Martin has said that part of his project in ASOIAF is to portray both sides of war — the glorious stirrings one may feel in the moment, and the bloody and awful aftermath. He excels at presenting awesome, feel-good moments of vengeful badassery — Robb’s crowning, Dany’s “Dracarys” in Astapor — and then undercutting them by showing the sad reality and horrific results of those decisions. With Doran’s exhilarating speech about “fire and blood,” he does it again.

Many readers wonder what the point of Quentyn’s arc is. One common interpretation is that Martin is deconstructing the hero’s journey or the idea of “adventure,” and that is absolutely a major theme to the arc that I will explore. But we should also consider how Quentyn’s story fits into the larger Dornish arc. Considered in that context, Quentyn’s POV is meant shows us what Doran’s cool-sounding desire for vengeance really means and feels like to the son he foists it on. It shows the logical endpoint of a desire for “fire and blood.”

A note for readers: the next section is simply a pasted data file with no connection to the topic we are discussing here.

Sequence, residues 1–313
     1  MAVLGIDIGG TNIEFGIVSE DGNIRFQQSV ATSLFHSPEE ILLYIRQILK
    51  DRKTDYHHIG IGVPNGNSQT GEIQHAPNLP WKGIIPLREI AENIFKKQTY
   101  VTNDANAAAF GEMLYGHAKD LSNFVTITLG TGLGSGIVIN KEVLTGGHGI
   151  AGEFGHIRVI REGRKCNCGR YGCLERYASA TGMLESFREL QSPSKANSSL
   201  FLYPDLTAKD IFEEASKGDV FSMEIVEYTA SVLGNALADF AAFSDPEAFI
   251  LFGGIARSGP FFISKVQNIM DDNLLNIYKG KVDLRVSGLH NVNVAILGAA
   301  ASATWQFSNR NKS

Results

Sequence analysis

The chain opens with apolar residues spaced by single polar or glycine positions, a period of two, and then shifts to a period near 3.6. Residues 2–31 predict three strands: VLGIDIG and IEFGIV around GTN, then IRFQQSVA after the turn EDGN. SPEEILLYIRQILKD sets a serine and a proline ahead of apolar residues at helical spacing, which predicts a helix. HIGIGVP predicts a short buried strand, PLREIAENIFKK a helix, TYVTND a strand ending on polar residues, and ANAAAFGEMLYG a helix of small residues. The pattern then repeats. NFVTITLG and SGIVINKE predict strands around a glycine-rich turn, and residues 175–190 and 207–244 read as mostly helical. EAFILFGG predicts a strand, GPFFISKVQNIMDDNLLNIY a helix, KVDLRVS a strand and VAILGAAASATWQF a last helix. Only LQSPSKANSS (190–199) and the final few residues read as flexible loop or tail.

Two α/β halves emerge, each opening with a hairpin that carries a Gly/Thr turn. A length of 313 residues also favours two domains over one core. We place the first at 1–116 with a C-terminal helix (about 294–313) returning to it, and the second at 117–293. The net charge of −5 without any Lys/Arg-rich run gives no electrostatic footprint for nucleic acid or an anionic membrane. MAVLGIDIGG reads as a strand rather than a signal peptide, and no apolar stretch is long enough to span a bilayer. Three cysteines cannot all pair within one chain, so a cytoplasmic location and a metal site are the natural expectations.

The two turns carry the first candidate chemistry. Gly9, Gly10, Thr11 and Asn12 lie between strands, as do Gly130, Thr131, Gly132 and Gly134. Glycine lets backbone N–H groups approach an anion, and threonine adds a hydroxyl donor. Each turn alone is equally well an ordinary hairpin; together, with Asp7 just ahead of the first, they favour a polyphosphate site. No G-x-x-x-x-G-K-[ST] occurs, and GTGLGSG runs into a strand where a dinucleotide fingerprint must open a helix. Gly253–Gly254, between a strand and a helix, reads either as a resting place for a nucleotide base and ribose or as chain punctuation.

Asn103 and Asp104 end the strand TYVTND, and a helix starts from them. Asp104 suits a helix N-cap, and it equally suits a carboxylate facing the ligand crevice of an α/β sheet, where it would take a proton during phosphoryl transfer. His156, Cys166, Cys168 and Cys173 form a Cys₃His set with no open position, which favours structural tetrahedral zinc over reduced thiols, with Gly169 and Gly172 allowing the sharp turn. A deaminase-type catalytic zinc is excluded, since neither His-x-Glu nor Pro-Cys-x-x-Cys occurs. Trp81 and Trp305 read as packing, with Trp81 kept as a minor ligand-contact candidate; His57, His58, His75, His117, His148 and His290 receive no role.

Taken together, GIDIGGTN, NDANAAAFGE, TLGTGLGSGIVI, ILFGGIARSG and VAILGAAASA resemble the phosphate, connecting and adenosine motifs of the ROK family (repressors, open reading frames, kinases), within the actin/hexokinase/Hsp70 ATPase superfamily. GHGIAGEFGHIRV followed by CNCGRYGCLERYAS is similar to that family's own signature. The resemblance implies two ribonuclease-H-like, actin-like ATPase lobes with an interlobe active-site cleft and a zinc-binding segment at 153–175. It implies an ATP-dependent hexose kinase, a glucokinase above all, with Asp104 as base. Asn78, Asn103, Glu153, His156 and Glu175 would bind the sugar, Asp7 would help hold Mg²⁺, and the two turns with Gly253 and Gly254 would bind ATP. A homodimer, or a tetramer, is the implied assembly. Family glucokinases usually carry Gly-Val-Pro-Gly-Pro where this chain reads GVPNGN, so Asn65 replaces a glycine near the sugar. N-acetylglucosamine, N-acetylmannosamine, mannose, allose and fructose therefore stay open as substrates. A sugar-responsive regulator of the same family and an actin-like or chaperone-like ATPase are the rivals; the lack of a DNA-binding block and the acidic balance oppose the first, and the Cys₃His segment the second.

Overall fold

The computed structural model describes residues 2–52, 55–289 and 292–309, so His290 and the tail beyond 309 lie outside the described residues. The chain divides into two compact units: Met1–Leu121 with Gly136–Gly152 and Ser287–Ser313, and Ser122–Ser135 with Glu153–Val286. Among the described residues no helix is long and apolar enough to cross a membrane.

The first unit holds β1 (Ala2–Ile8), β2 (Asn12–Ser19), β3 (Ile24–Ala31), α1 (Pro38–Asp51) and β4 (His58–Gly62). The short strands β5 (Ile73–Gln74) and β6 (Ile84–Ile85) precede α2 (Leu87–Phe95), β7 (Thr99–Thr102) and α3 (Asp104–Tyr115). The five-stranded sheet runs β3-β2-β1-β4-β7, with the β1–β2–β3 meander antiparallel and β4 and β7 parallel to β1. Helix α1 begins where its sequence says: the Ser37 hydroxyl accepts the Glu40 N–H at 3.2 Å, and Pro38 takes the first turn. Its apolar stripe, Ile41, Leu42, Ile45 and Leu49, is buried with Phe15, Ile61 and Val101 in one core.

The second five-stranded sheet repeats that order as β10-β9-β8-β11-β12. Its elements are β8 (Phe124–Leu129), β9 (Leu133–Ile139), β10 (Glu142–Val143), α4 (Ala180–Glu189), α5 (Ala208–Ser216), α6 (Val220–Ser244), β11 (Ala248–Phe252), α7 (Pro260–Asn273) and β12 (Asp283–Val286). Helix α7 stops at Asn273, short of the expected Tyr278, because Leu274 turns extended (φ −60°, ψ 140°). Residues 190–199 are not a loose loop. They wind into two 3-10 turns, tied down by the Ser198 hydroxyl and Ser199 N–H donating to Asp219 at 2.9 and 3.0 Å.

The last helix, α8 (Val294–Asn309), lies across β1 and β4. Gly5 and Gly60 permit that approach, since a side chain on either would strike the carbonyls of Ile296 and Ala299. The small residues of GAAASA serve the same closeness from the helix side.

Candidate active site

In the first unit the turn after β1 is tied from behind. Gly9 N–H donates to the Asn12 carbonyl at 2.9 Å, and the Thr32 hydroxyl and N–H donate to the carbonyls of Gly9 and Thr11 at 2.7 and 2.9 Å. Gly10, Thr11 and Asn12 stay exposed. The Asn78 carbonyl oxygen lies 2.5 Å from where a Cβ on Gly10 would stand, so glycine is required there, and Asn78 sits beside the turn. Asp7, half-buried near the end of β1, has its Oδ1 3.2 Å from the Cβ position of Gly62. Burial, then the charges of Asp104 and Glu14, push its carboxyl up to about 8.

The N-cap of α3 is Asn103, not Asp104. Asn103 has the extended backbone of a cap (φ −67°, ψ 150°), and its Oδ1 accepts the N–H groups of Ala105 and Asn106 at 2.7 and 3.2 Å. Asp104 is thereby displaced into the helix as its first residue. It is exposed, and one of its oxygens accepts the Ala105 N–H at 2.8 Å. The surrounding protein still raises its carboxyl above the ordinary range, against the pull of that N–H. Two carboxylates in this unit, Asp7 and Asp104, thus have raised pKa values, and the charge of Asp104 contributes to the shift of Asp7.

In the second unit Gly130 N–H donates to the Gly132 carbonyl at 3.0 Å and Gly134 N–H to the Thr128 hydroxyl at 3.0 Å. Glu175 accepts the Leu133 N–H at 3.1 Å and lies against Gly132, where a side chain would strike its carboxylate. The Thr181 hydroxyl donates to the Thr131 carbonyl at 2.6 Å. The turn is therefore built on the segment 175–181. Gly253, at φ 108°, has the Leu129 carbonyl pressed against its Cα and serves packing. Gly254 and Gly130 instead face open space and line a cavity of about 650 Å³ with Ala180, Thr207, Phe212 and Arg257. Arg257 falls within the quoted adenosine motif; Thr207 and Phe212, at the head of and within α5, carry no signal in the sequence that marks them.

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Water Gardens and Blood Oranges, Part II: Arianne’s Ambitions

As A Feast for Crows opens, the Sand Snakes openly press for war, and Doran Martell secretly plans for it. Both want vengeance, and both are fixated on King’s Landing. Arianne Martell has different aims. This essay will discuss her motivations, her main character traits, and her disastrous first attempt to play the game of thrones — and its thematic importance for the larger Dornish arc. Through Myrcella’s fate, we see that it truly is the children who pay the price, when nobles play the game of thrones.

(Spoiler note: This essay will focus on AFFC, but I’ll briefly quote Arianne’s preview chapter from The Winds of Winter toward the end.)

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Water Gardens and Blood Oranges, Part I: The Viper and the Grass